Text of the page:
sub feeder panel installation

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  #1  
Old 04-05-06, 10:19 PM
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sub feeder panel installation

I was considering adding a subfeeder box in my home. i went to home depot to price everything out, the panel said that the grounding bus was not included. Do i need one? Can't i just use one of the two buslines in the box if the are seperated? If i have to add the Grounding bus, Does is matter where?
 
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Old 04-05-06, 11:24 PM
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> Do I need one?

Yes. And since you asked, you need to do some more studying.


> Can't I just use one of the two buslines in the box if they are separated?

No. They aren't.


> If i have to add the Grounding bus,

Yes, you do. They are not expensive.


> Does is matter where?

The manufacturer has holes pre-drilled where they go.
I always put one on the left and one on the right to keep the wiring neater. This way, wires don't have to go around to the other side to land.
It saves wire. But mainly, it reduces clutter and makes the job go faster.
 
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Old 04-06-06, 03:44 AM
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Originally Posted by dunka11us
the panel said that the grounding bus was not included. Do i need one? Can't i just use one of the two buslines in the box if the are seperated?
You must have _electrically_ separated ground and neutral bus bars in a subpanel.

Essentially all panels are supplied with a combination ground/neutral bus. In these panels you must add a ground bus kit and _remove_ the ground bonding from the neutral bus.

My understanding is that some panel manufacturers provide two separate bus bars, and that by removing jumpers you can make one a ground bus and the other a neutral bus. If the panel label permits this, then you can simply do so and not buy a ground bus kit. But in any case you must end up with 2 bars, one connected to the panel enclosure for equipment ground, and one isolated from the panel enclosure for neutral.

-Jon
 
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Old 04-06-06, 03:59 AM
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The question you pose depends on the type and brand of panel. Some panels have the ground and neutral busses tied together by a jumper of some kind that when removed provides a separate neutral and ground buss. Other types require a separate ground buss be installed for sub panel use. What is most important is that the bonding jumper used to tie the neutral to ground is removed as these must be separate in a sub panel.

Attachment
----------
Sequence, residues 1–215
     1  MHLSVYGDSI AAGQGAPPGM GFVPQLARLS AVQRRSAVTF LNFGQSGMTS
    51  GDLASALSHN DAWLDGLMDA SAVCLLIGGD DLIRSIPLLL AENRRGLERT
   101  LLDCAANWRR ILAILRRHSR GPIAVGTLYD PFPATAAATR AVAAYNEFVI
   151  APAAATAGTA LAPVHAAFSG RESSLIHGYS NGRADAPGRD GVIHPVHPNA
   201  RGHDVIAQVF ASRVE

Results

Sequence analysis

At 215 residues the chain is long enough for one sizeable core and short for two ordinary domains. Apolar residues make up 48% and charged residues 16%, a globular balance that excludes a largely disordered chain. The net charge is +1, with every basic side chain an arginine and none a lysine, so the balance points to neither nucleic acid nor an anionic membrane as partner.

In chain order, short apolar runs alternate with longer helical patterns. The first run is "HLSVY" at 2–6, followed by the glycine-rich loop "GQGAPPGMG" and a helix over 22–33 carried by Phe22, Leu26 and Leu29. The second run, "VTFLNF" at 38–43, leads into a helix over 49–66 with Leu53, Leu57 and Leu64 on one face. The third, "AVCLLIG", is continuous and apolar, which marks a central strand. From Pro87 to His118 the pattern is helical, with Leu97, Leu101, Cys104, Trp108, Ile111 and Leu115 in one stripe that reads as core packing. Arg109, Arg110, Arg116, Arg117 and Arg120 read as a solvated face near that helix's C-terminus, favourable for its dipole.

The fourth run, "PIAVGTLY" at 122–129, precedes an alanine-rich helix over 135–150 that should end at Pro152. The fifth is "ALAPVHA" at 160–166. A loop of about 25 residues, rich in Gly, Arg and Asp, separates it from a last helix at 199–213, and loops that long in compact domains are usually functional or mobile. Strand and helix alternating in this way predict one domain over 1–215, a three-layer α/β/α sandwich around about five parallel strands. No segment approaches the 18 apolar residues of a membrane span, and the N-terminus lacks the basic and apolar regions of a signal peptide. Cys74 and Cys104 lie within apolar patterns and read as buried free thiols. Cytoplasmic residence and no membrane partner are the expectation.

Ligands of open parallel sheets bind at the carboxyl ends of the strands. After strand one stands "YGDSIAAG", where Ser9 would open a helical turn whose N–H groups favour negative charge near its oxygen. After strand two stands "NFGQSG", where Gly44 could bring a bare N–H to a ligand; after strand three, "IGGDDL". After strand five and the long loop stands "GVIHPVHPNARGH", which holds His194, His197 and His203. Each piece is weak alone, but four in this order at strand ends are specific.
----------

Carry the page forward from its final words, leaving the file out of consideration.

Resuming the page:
The cost of the extra buss for grounds is typically around $10.00 or less and it will mount in holes provided by the manufacturer for the purpose.
 
  #5  
Old 04-07-06, 05:31 AM
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main panel

i took a look in my main panel, the neutral and ground are one in the same if i add a ground bus, what should i do for the all the Bx ? can i just run a piece for ground wire to the armor ? Or bond the box and that will be ok?
 
  #6  
Old 04-07-06, 06:07 AM
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_Properly installed_, the cable clamps which hold the AC cable (commonly called BX) provide the equipment ground connection. The box is bonded to the equipment ground bus, then the clamps screwed to the box, and finally the cable held tightly in the clamp.

You must take care that the connection between the clamp and the box is a good electrical connection as well as a good mechanical connection. This means that concentric knockouts can be a problem, and that you may need to remove paint around the hole. Be sure to use proper AC cable clamps, which are _similar_ but not the same as NM ('Romex') cable clamps.

My personal preference is that in situations where armored cable is required, I use MC cable, which has the metal armor, but also has a green ground wire, rather than trusting the armor as the equipment ground.

You mention that the ground and neutral wires go to the same bus in your main panel. This is correct. Ground and neutral are supposed to be connected together at _one_, and _only_ one location in your house. Generally this is in your main panel, though other common locations are at a meter-main or in the meter itself. In the panel where ground and neutral are connected, you may use a single bus bar for both ground and neutral wires. If you don't understand this detail of neutral bonding, then I strongly urge you to re-read your books on the topic.

-Jon
 
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